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Saitama-ken is home to the interesting old castle town of KAWAGOE (川越), just 40km north of Tokyo. Although it doesn’t look promising on arrival, Kawagoe’s compact area of sights, around 1km north of the main station, is aptly described as a “Little Edo”, and once you’ve browsed the many traditional craft shops and paused to sample the town’s culinary delights, you’ll probably find the day has flown by. This would certainly be the case on the third Saturday and Sunday of October, when Kawagoe’s grand matsuri is held, one of the most lively festivals in the Tokyo area, involving some 25 ornate floats (called dashi) and hundreds of costumed celebrants.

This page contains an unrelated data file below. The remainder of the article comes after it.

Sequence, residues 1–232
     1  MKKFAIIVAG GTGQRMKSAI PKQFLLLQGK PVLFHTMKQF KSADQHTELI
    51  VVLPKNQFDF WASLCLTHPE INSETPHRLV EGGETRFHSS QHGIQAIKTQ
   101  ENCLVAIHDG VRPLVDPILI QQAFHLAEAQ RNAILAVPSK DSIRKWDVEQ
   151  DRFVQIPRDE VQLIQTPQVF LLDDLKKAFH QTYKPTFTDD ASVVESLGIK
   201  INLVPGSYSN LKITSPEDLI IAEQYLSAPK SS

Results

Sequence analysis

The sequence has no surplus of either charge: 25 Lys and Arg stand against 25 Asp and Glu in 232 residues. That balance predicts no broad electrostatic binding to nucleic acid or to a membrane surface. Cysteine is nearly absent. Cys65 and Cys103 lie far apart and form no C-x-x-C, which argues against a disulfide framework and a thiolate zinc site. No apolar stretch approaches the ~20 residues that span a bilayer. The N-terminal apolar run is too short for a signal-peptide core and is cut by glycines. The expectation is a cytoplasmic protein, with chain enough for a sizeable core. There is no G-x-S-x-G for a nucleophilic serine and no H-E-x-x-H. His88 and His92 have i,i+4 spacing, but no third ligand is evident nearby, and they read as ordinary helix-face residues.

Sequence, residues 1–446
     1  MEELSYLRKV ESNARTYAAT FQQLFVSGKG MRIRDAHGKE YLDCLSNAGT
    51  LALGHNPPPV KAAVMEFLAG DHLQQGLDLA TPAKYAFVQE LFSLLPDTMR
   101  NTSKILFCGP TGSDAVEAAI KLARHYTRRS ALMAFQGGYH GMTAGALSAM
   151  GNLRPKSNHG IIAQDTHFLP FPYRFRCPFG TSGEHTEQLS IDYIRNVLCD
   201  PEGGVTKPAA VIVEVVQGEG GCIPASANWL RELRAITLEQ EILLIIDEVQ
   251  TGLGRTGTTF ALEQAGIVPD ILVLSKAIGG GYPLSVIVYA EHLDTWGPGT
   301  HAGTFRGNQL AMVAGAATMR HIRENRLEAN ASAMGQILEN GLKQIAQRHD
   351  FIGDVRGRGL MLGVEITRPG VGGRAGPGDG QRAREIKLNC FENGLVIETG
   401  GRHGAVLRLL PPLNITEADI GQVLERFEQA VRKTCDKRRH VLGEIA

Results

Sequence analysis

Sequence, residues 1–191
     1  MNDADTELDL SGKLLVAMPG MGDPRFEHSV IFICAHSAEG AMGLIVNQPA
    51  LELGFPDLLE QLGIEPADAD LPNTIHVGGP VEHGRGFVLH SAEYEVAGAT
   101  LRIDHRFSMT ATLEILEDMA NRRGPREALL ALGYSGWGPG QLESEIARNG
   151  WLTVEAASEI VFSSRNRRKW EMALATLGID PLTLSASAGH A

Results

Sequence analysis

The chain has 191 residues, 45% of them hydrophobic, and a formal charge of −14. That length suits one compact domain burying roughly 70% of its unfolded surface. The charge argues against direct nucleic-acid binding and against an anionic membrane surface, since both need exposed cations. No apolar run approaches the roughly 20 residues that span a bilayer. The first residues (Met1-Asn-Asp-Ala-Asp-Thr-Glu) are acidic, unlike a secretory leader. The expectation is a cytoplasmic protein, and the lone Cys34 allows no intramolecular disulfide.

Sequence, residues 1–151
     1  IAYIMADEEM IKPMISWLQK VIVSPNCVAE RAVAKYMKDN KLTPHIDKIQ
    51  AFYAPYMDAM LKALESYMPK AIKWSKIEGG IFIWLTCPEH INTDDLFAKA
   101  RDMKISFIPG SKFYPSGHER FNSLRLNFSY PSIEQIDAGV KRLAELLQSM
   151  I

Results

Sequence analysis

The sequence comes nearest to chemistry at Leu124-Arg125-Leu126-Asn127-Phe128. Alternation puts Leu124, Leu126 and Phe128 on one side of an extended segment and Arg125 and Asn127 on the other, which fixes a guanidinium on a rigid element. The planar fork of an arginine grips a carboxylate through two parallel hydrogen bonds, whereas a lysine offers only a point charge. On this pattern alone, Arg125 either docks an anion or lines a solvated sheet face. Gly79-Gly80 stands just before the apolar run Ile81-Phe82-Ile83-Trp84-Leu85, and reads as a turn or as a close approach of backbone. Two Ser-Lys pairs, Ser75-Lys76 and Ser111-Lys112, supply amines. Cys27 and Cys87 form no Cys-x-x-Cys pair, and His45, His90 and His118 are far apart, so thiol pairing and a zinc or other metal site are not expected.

Kawagoe’s fortunes owe everything to its strategic position on the Shingashi River and Kawagoe-kaidō, the ancient highway to the capital. If you wanted to get goods to Tokyo – then called Edo – they more than likely had to go via Kawagoe, and the town’s merchants prospered as a result, accumulating the cash to build fireproof kurazukuri, the black, two-storey shophouses for which the town is now famous. At one time there were over two hundred of these houses, but their earthen walls didn’t prove quite so effective against fire as hoped (nor were they much use in the face of Japan’s headlong rush to modernization). Even so, some thirty remain, with sixteen prime examples clustered together along Chūō-dōri, around 1km north of the JR and Tōbu stations.

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